The publication was released at a San Francisco launch event: "Creating Healthy and Resilient Cities" on October 7, 2015. The panel discussion featured guest experts Sean Chiao (President of AECOM Asia Pacific), Tom Murphy (Senior Resident Fellow at the Urban Land Institute who also served as mayor of Pittsburgh from 1994 to 2005), and Uwe Brandes (Executive Director of the Urban and Regional Planning Program of Georgetown University), with moderator Bruce Pickering (Vice President of Global Programs at Asia Society and Executive Director of Asia Society Northern California ) who discussed lessons learned in Pacific cities, and shared insights and strategies about how to create healthy, resilient and economically vibrant cities.
Key takeaways from the discussion include:
1) Leadership is the key
Based on his past experience as the mayor of Pittsburg, one of the panelists-Tom Murphy, emphasized that, in order to build a healthy and resilient city, leadership needs to play a central role in creating a vision for the city and then driving the team to work on that. He pointed out that cities must have a clear idea of their unique places in the world, gauge the comparative advantages that their cities possess and then do their best to attract the talents to build a city which places quality of life at the center stage. This point was strongly resonated by the other panelists.
2) Human-centered urban development is essential
One thing the speakers particularly pointed out is that cities used to be built around people’s needs, but with the rapid development of the car industry, cars started to dominate the roads and super-blocks emerged. This, in turn, has caused some of the most serious urban problems we are facing today – traffic jams, air pollution, increased number of car accidents, and health issues related to passive transportation choices, such as obesity.These issues can then be addressed through measures such as creating compact, mixed-use, transit-oriented communities. This kind of development patterns gives people the options not to drive, helps to enhance community connectivity, and promotes life-work balance. Vancouver was cited as a good example, where citizens make conscious decisions that they don’t want highways to be in their city. Alternatively, the resources were increasingly devoted to a priority list that puts the pedestrian in the top, followed by cyclists, transit users, and then car drivers. The lack of highways didn’t make people’s life there any harder. In fact, Vancouver was even voted the most livable city in the world through several surveys.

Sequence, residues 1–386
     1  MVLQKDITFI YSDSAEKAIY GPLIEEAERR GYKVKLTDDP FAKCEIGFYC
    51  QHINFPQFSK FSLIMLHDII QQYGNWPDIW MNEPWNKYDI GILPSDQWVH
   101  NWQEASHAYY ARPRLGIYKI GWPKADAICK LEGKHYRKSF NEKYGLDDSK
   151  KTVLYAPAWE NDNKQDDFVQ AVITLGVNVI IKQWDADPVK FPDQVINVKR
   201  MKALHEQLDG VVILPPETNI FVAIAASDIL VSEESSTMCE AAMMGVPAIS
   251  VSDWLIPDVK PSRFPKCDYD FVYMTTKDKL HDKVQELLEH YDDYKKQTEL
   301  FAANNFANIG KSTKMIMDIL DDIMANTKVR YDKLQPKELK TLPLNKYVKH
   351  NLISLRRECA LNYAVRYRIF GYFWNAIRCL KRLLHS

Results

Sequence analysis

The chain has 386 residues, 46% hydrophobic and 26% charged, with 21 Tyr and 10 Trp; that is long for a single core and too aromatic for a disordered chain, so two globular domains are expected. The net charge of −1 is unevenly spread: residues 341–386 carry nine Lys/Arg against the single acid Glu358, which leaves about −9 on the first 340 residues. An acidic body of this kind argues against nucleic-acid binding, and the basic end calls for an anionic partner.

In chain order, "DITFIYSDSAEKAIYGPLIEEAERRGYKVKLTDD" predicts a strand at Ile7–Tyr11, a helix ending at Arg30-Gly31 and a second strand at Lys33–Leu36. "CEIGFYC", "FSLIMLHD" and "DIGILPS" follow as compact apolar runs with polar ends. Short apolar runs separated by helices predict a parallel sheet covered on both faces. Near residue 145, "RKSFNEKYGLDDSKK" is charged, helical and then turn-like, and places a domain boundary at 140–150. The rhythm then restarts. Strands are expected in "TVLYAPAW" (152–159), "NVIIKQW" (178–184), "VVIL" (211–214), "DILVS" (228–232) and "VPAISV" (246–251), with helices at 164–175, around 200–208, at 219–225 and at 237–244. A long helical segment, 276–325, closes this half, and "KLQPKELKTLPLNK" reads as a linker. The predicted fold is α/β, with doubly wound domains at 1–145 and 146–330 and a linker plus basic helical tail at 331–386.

3) You have to get your voice heard
To make things happen, the speakers all agreed that loud mouths are needed here. Citizens need to play an active role in every aspect of urban development. Whenever there is an issue spotted, people should talk about it and mobilize the media resources to get their voice heard, especially for grassroots efforts and initiatives, where publicity support is particularly needed. Once these efforts start to catch attention, it will become a priority and begin moving forward. As one of the speakers concluded: “we need to move fast, move hard, we need to make things happen”.